The tone of the bass is beautifully life-like as well. Because of how linear the region is from 20-300Hz, the low-end moves like a singular, coherent piston. Again, kick drums are a pure joy, and turning the dial up provides the presence required for EDM as well. Though, those who enjoy colour to their low-ends may not prefer the Lola’s more transparent response. There isn’t necessarily a mid-bass hump to inflate impact, neither is there a sub-bass lift to accentuate bass lines. The Lola’s presentation is more what-you-see-is-what-you-get, which makes track-surfing all the more interesting as you find new nuances in your favourite bass parts. The Lola’s lows are technically-stellar; teeming in headroom and effortlessly clear. Paired with a transparent tonality and the ability to adjust it at will, it’s a bass response as clear as it is versatile.
The Lola’s D.O.M.E-powered midrange is spacious, airy and clean. Honestly, I half-expected a richer, saturated response with all the talk about the diaphragm’s analog sound. After all, it’s easy to equate vintage sonics with low-heavy, buttery, harmonic notes. But, I came to discover that the Lola’s analog feel came from resonance and tone, rather than structure. There’s a sweet ring to the midrange that – again – emulates a musical, cross-feed-like effect. The snare drum and piano on David Benoit’s Drive Time capture this brilliantly. Thy have a vibrant glow to them without sounding awkward, honky or brassy. They pop at you with power as real instruments would, but with enough space in-between to not sound cloy.
Versus the bottom-heavy sign I initially predicted, this lighter, airier response greatly benefits technical performance. Cleaner notes encourage definition, separation and contrast. But again, that sweet, warm glow prevents instruments from ever sounding too analytical. The Lola possesses an upper-mid bias, so instruments adopt a more peppy, lively profile. Those who prefer their instruments deeper, chestier and more muscular may prefer the Roxanne or the Layla more. But, there’s no denying the novelty of JH Audio’s D.O.M.E technology. It’s like the difference between mic’ing up and recording a real cabinet, versus running a D.I.’ed guitar signal through an amp simulator plug-in. There’s a genuine, palpable depth that gives the D.O.M.E system a more natural, dynamic sense of projection, and an analog sound indeed.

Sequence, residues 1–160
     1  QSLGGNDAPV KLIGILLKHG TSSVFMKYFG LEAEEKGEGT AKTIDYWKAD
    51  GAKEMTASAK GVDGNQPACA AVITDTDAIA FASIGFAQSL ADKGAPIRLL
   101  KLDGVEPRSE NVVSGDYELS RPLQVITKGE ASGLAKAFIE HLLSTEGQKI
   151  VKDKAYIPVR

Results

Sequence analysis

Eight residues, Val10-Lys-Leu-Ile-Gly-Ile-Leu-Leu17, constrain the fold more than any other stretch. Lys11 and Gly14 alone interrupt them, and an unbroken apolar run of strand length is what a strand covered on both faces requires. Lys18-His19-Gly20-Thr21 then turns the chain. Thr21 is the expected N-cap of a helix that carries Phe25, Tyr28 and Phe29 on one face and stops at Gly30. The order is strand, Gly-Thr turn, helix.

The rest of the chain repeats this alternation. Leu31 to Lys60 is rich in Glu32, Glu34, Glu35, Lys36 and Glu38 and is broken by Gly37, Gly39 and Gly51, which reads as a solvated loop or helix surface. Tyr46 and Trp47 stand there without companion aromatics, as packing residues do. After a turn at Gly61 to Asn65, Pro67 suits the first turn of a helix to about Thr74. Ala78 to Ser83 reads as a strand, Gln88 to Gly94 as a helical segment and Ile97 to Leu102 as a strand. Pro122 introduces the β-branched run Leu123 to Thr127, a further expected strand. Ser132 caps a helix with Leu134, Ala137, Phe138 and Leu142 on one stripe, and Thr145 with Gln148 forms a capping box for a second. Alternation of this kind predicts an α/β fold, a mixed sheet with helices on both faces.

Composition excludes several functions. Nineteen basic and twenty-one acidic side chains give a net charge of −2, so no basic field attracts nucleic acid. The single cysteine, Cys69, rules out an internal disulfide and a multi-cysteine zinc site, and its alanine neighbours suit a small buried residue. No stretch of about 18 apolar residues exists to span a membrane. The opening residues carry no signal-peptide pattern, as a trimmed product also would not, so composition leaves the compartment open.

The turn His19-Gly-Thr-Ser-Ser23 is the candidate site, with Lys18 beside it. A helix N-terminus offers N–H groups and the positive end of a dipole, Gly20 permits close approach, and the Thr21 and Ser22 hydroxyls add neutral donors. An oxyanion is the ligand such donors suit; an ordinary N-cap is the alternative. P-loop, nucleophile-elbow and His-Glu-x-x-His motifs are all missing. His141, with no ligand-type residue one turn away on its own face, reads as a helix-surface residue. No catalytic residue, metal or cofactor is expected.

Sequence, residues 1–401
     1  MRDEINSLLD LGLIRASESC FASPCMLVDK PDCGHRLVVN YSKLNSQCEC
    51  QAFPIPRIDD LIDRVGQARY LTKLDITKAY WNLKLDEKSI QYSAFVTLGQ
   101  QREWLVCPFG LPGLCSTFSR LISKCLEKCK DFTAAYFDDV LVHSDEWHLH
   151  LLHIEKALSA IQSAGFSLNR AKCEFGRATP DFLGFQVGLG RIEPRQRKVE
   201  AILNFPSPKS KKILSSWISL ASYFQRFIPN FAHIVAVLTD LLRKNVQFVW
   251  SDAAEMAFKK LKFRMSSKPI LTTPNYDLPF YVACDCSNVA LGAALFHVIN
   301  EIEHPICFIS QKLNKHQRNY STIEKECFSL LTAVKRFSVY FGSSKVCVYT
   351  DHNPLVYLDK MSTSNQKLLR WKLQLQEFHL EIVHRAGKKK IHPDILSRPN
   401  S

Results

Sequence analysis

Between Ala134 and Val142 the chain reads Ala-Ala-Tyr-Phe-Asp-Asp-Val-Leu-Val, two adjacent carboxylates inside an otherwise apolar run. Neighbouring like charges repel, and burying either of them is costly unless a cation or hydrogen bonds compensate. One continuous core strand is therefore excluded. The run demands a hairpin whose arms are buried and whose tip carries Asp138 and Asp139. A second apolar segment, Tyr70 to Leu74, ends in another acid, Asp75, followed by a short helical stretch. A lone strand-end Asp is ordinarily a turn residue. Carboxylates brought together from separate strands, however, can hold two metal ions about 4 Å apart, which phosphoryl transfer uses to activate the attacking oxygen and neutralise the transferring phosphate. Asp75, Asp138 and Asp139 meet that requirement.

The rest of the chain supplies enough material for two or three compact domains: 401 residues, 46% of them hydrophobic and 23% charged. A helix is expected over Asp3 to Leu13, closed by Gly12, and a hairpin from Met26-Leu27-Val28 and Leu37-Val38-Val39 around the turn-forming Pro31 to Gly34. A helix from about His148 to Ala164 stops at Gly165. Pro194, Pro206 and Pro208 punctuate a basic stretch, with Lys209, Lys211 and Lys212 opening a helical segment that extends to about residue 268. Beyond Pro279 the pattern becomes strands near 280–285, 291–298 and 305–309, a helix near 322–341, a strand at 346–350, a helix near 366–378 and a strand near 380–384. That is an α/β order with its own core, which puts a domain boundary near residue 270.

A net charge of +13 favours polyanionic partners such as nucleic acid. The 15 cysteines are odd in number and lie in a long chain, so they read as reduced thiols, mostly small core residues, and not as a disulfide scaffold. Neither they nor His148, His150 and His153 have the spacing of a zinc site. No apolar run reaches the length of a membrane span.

The Lola’s top-end is articulate and clean, cutting through the mix with ease. The region as a whole sits in line with the midrange, which lends the top-end a neutral tone, and allows the midrange to maintain its warmish glow. Transients have an edge to them by way of peaks along 6 kHz, 8 kHz and 12 kHz. This gives cymbals and hi-hats a sufficiently crisp texture without becoming harshly metallic. But, with more compressed, modern recordings, the Lola won’t make an effort to hide any flaws. If a track inherently possesses any glare or grain, the Lola won’t smooth them over completely. Thankfully, treble notes are compact, and their edges are ever-so-slightly feathered. So, those prickly bits won’t last.